9. A method as in claim 8, further comprising sending said first outputs over a channel having wireless security, and sending said second outputs over a channel which does not have said wireless security.
10. A method as in claim 8, wherein said controlling console runs a program that controls effects by a plurality of different moving lights, and also controls and effects on client computers that are held by clients in an audience.
11. A method as in claim 10, wherein said client computers include cell phones and PDAs.
12. A method as in claim 8, wherein said controlling console accepts commands for the moving lights from a client computer, over a secured network connection.
13. A method as in claim 8, further comprising creating a first wireless stream for commanding the lights having a first security, creating a second wireless stream for commanding the console, having a second security, and creating a third wireless stream for communicating to client computers within range of the console.
14. A method as in claim 10, wherein said program causes sending of status information about the program and/or the moving lights to a client computer, over a secured network connection.
15. A method of controlling a lighting show, comprising:
producing first outputs from a controlling console that control an effect created by multiple different moving stage lights which form part of a show; and
producing second outputs from said controlling console that control an effect created on cell phones and PDAs within range of said show as part of said show.
16. A method as in claim 15, wherein said first outputs have wireless security, and said second outputs do not have said wireless security.
Description
CROSS-REFERENCE TO RELATED APPLICATIONS

This application claims priority to U.S. Provisional Application 60/801,252, filed May 18, 2006. The disclosure of the prior application is considered part of (and is incorporated by reference in) the disclosure of this application.

BACKGROUND

Stage lighting control systems are known, and/or described, for example, in various patents owned by Production Resource Group L.L.C. Many of these patents describe a central console being used to create commands for a number of lights collectively forming a lighting effect or lighting show. Each of the lights, for example, may be capable of projecting a light beam of 100-200 W or more, may be capable of light beam movement in pan and/or tilt directions, and light beam shaping, done by a gobo.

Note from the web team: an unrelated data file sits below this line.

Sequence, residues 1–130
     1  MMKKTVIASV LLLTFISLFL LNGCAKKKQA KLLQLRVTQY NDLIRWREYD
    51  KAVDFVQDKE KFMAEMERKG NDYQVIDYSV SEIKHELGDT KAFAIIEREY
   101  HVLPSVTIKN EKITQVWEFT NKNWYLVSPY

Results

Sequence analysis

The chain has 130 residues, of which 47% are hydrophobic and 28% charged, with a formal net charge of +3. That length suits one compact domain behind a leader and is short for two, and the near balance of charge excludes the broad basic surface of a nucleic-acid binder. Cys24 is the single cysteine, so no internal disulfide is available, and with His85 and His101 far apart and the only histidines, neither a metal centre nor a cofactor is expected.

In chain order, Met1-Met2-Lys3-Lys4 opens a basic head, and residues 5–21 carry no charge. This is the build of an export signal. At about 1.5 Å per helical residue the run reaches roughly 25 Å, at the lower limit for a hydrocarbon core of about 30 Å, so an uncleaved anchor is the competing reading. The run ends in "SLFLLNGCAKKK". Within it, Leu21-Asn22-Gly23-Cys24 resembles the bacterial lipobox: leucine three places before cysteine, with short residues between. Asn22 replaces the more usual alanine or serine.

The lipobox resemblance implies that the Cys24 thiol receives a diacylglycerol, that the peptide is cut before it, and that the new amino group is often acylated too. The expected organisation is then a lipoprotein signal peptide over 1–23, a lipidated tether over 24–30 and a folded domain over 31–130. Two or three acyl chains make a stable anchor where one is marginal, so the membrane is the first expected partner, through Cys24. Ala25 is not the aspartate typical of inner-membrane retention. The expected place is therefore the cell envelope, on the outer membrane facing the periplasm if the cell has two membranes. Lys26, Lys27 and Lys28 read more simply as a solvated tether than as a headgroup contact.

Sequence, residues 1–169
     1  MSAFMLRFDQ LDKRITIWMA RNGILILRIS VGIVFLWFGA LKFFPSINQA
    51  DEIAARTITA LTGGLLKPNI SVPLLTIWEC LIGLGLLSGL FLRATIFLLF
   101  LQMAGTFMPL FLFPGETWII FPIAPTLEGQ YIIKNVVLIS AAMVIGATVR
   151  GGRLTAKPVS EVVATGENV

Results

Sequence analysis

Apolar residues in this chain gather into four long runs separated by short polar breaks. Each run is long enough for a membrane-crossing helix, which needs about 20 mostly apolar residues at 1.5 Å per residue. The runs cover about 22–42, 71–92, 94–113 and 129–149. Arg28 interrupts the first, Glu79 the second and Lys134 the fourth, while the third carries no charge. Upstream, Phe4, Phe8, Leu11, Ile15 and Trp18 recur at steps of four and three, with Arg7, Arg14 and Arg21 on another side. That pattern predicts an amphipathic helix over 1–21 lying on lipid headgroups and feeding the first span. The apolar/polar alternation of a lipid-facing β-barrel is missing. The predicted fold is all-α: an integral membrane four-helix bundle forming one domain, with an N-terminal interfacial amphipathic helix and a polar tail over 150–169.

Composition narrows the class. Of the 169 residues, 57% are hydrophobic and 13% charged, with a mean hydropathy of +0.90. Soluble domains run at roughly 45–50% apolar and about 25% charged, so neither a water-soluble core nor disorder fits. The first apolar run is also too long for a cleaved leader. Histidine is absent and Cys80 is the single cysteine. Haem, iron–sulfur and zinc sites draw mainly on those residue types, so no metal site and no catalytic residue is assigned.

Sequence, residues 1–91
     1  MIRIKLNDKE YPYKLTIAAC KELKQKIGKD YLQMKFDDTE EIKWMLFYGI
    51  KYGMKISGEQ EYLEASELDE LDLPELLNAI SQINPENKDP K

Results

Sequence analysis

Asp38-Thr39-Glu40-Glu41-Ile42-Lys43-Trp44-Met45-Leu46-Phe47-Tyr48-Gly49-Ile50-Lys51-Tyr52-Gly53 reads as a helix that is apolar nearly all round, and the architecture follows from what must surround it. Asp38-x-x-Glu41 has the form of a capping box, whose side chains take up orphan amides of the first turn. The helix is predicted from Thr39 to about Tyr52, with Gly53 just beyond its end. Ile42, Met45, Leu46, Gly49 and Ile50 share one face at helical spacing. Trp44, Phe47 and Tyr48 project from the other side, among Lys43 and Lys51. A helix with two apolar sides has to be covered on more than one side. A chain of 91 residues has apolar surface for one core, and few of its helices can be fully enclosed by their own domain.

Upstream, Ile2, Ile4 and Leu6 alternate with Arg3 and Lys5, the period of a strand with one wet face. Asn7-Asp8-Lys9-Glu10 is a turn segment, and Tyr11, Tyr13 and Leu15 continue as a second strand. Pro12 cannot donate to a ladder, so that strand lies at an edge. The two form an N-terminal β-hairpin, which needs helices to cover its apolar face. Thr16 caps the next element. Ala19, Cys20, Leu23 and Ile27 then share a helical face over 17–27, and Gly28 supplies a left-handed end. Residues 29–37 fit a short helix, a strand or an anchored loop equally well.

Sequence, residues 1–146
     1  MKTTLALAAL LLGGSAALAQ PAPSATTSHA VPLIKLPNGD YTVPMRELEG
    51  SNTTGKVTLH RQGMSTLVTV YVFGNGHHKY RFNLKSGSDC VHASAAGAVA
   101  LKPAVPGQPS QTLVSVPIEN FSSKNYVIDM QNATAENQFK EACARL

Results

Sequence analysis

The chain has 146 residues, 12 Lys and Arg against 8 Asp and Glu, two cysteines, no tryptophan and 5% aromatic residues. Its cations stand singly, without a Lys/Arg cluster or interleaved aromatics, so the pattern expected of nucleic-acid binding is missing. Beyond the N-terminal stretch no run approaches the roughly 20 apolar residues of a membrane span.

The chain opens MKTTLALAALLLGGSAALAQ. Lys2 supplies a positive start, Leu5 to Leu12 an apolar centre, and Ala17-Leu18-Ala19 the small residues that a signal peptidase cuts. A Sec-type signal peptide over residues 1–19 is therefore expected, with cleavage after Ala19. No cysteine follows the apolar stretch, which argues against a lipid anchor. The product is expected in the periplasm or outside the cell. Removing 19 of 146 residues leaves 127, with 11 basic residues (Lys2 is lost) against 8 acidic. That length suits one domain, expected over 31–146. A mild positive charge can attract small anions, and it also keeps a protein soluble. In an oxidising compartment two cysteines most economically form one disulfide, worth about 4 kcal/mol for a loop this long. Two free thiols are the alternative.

The connection to the lights is typically done over wires, for example using DMX, or using the so-called Arcnet protocol which provides DMX over ethernet. It has been suggested that control of lights using commands sent directly over wired ethernet may also be carried out.

SUMMARY

The present application describes wireless control of lights in a stage lighting scenario.

BRIEF DESCRIPTION OF THE DRAWINGS

These and other aspects will now be described in detail with reference to the accompanying drawings wherein:

FIG. 1 shows a system diagram showing the console connected to control a number of lights; and

FIG. 2 illustrates a light and wireless control.

DETAILED DESCRIPTION

The general structure and techniques, and more specific embodiments which can be used to effect different ways of carrying out the more general goals are described herein.

An embodiment is shown in FIG. 1. A lighting control console 100, which may be the PRG Virtuoso console, or may be any other console which is capable of controlling multiple remote lights.

A first connection 110 is a conventional wired connection which may connect to a number of conventional lights such as 112, 114. These conventional lights may be of a type which are only controllable via wired connections. Virtually every stage light today available is controllable in this way.

Light 112 is capable of receiving both wired connections and wireless connections. The console 100 has a wireless communication module 105 which enables connection to wireless-enabled lights such as 112.

An exemplary light 112 shown in FIG. 2 has a pan and tilt motor 202, a controller 204, and a lamp 206.

Light 118, also controlled by console 100, has a connection only via the wireless connection shown as 120.